He’s green and lumbering and he’s not the Hulk. He’s Frankenstein’s Monster, though he often goes by his maker’s name. And while he’s one of the Halloween season’s most recognizable icons, he’s worn more faces than you might realize.
Seeing Shelley’s Unseen Creature
Mary Shelley’s Frankenstein: Or, The Modern Prometheus, published in 1818, offers surprisingly few specifics about the Creature’s appearance.
Overly ambitious scientist Victor Frankenstein sees its “dull yellow eye” open when he animates “the lifeless thing.” He mentions that its long, “lustrous” black hair and pearly white teeth contrast with its “shriveled complexion and straight black lips.” But Victor is too shocked by what he has made to look on it for long: “I had selected his features as beautiful… [but now] breathless horror and disgust filled my heart.”
Fortunately, generations of makeup artists and actors have freely shown us their versions of what Victor couldn’t bear to behold. From the novel’s first stage adaptation in 1823, the Monster has taken a multitude of forms.
The 2015 movie Victor Frankenstein, for instance, gave him a name – “Prometheus,” evoking the original novel’s subtitle – and envisioned him as a bald, bare-chested, barely clothed brute, his muscular frame streaked with scars and studded with metal, broken shackles on his wrists and ankles. Critics and audiences weren’t kind to the film overall, but its Monster was a triumph of practical movie magic and a memorable modern take on the character.
Pierce and Karloff’s Classic Creature
Actor Boris Karloff and makeup artist Jack Pierce created the Monster by which all others have been and forever will be judged for director James Whale’s 1931 Frankenstein, the second of Universal Studios’ immortal monster movies. The flat head (with hinges to suggest Dr. Frankenstein opened and closed it “like a pot lid,” said Pierce, when adding the brain), the protruding brow, the sunken cheeks (created by removing Karloff’s dental bridge), the bolt-pierced neck – Pierce’s work seamlessly accented Karloff’s naturally striking features, and seared itself into moviegoers’ memories. Karloff’s performance, which still inspires both dread and empathy in viewers, completed the illusion. “It’s alive… It’s alive,” indeed!
The Monster and His Mate
In Shelley’s novel, the Creature threatens Victor with calamity when the scientist refuses to create a companion for him: “Shall each man… find a wife for his bosom, and each beast has his mate, and I be alone?… Beware; for I am fearless, and therefore powerful. I will watch you with the wiliness of a snake, that I may sting with its venom. Man, you shall repent of the injuries you inflict.” Victor begins but ultimately abandons his manufacture of a mate, provoking the Monster’s wrath.
But In 1935’s Bride of Frankenstein, again directed by Whale, Frankenstein finishes a bride for his Creature. Actress Elsa Lanchester spends only about four minutes onscreen as the Bride, but what an indelible impression she makes, aided by more meticulous work from Jack Pierce. Lanchester once told an interviewer, “For a whole hour he would draw two lines of glue, put a red line down the middle, then start making up the white edges of the scar… After the scar came the eyebrows and the hair… they placed a cage on my head and combed my own hair over that cage. Then they put the gray-streak hairpieces in afterwards.”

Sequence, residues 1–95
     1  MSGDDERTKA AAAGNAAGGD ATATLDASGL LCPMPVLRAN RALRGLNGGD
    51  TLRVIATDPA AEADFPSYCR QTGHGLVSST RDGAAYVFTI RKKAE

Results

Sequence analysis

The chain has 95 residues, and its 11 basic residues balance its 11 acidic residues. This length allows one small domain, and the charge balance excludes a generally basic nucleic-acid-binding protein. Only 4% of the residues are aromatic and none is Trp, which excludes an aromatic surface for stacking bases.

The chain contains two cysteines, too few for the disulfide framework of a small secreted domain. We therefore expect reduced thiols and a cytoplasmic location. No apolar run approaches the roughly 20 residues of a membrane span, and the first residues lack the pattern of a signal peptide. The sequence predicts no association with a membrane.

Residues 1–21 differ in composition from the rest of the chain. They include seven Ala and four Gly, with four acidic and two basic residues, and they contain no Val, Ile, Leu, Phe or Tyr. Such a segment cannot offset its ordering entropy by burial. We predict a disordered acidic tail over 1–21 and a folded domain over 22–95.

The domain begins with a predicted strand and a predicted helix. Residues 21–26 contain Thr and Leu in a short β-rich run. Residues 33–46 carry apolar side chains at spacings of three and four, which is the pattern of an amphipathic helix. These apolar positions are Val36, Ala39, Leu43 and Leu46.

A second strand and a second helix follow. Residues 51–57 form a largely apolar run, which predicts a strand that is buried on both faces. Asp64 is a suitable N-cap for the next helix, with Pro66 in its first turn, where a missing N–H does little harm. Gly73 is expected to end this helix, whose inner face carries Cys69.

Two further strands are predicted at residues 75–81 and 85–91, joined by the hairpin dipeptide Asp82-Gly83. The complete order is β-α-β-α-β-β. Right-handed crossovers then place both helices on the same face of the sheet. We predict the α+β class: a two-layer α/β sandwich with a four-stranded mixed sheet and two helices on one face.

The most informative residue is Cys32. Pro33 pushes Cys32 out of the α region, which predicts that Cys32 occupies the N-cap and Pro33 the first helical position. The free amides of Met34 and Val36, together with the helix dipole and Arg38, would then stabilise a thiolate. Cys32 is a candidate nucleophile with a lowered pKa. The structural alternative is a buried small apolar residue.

Lanchester sells the look with her rigid, rapid head movements and, of course, her piercing scream when the Bride’s intended “groom” attempts to touch her. The Bride’s image every bit as iconic as the Monster’s.
It’s even inspired some ghoulish glamour art! This statue, based on illustrator Ted Hammond’s work and sculpted by Barsom Manashian, is proof of the continuing spell of fear and fascination the Bride can cast!
Christopher Lee and The Curse of Frankenstein
In 1957, Hammer Studios in England released The Curse of Frankenstein, the first of its eventual seven films focused on the Frankenstein myth. Curse starred two thespians who would become especially well known to science fiction and fantasy fans: Peter Cushing as Victor Frankenstein, and Christopher Lee as his Monster.
Cushing played Frankenstein more than once, but Curse marked Lee’s only outing as the Creature. In 2014, Time magazine called it “one of his scariest performances, aided by facial makeup that, with its open wounds and mismatched eyes, transforms Lee into one of the most hideous-looking Frankenstein monsters ever.”
The Monster that Mary Shelley unleashed into the world almost two centuries ago continues to stalk us, and we willingly invite it to. As long as its story and the questions that story raises – about the nature and meaning of life, the promise and perils of science, and the responsibility living beings bear to each other – intrigue us, Frankenstein’s Monster will continue to wear new faces.
What’s your favorite version of Frankenstein’s Monster, and why? Let’s talk in the comment section below!